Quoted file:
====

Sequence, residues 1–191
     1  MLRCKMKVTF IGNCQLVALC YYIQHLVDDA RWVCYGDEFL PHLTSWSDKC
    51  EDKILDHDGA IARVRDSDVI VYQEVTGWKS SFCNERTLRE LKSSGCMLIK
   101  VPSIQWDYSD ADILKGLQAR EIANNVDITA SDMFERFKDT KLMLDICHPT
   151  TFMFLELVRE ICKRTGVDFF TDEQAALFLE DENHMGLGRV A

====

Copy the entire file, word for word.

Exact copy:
Sequence, residues 1–191
     1  MLRCKMKVTF IGNCQLVALC YYIQHLVDDA RWVCYGDEFL PHLTSWSDKC
    51  EDKILDHDGA IARVRDSDVI VYQEVTGWKS SFCNERTLRE LKSSGCMLIK
   101  VPSIQWDYSD ADILKGLQAR EIANNVDITA SDMFERFKDT KLMLDICHPT
   151  TFMFLELVRE ICKRTGVDFF TDEQAALFLE DENHMGLGRV A